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Friday, March 26, 2010

Rusakov Workers' Club

Rusakov Workers' Club in Moscow is a fine example of Constructivist architecture. Like all relevant Constructivist works, it was created in the twenties: between 1927 and 1929. The author was Konstantin Melnikov, an outstanding architect of that decade.

In plan, the club resembles a fan; in elevation, it is divided into a base and three cantilevered concrete seating areas. Each of these can be used as a separate auditorium, while if combined, the building seats over 1,000 people. At the rear of the building are more conventional offices. The only visible materials used in its construction are concrete, brick and glass (Wikipedia).

It is interesting to follow the course of his life: in the thirties the Constructivist ideals were no more praised by the Communist regime; the artistic vanguard was far too original and too independent in spirit to be encouraged any more. Konstantin Melnikov preferred to renounce at his profession rather than to obey to the new artistic rules set by the Party. He made a living as a portrait painter and teacher till the end of his life, in 1974.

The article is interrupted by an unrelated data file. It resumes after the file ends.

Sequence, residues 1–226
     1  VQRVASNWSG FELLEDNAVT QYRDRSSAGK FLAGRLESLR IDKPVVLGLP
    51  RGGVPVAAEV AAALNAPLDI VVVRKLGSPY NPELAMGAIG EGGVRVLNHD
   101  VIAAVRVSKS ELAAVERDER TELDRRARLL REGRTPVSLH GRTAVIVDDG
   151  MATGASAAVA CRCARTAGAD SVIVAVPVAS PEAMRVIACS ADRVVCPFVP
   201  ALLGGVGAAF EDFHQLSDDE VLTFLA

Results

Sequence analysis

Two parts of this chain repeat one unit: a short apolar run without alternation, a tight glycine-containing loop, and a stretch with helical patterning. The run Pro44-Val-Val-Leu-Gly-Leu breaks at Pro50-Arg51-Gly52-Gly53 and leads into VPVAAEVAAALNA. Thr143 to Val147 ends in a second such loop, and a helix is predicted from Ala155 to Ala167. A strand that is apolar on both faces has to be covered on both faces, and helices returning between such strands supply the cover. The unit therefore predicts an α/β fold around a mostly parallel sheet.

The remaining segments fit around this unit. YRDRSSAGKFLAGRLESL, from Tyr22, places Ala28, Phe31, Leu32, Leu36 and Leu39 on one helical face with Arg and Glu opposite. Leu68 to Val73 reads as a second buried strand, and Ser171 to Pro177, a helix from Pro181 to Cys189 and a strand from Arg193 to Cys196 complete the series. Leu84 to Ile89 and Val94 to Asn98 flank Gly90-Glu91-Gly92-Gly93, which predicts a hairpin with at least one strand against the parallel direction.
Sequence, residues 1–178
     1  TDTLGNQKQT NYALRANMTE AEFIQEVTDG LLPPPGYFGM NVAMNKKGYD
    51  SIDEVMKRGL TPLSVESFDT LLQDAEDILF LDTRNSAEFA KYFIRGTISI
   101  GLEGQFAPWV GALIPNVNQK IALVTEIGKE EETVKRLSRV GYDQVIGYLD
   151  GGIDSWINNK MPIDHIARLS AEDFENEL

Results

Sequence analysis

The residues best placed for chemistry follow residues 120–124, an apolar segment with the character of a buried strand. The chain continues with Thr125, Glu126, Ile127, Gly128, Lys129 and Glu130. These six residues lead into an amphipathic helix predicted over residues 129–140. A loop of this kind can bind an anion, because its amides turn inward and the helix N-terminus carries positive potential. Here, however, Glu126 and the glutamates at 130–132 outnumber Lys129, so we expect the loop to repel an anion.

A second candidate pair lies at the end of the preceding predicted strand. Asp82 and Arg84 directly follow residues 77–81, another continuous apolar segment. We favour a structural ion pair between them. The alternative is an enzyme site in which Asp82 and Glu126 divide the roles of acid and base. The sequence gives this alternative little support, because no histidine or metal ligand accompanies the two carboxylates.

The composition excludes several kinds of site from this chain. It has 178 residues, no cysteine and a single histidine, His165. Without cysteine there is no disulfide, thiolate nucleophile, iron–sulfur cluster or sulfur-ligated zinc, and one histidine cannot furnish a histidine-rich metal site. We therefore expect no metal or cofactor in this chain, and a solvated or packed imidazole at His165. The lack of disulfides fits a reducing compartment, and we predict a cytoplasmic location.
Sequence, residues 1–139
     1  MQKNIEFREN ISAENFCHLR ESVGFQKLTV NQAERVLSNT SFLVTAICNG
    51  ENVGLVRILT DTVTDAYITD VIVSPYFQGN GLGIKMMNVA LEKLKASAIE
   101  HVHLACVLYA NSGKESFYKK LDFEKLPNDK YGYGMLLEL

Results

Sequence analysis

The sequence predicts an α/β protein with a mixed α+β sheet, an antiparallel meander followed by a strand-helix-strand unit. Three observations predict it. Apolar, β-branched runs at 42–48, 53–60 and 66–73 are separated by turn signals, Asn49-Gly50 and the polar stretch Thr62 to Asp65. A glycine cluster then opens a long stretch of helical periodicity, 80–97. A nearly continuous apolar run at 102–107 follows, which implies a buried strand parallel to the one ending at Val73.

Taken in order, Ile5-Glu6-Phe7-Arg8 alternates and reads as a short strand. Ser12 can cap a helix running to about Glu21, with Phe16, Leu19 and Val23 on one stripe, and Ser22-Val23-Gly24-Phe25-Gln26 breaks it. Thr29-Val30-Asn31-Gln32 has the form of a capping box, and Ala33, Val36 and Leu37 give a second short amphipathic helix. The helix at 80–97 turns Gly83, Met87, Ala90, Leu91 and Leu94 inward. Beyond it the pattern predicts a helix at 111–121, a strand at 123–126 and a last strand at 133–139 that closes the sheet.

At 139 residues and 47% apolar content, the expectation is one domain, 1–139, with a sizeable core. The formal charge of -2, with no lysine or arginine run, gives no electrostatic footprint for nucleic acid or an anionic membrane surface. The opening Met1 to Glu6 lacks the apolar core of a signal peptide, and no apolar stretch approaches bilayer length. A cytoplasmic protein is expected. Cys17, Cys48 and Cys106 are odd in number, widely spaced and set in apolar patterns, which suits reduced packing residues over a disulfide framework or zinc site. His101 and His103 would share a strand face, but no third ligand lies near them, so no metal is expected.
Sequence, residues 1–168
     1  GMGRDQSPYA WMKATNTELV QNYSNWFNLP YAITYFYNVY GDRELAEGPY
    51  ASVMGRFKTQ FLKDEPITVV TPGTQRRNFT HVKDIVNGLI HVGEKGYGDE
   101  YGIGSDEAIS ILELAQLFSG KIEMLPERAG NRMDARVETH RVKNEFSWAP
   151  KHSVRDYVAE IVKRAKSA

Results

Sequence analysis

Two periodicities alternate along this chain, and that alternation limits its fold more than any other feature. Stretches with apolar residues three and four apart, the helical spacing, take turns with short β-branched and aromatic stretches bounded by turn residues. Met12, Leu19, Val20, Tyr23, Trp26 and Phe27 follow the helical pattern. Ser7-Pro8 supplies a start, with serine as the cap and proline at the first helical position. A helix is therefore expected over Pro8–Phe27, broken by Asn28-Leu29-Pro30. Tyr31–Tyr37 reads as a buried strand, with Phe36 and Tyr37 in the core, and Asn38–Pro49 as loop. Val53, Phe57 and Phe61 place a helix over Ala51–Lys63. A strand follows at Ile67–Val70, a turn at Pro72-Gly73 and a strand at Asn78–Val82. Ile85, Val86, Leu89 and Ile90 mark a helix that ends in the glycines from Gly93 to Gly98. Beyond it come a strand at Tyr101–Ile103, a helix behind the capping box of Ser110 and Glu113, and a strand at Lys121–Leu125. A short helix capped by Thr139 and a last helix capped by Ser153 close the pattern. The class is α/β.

(Suprematism and Constructivism)


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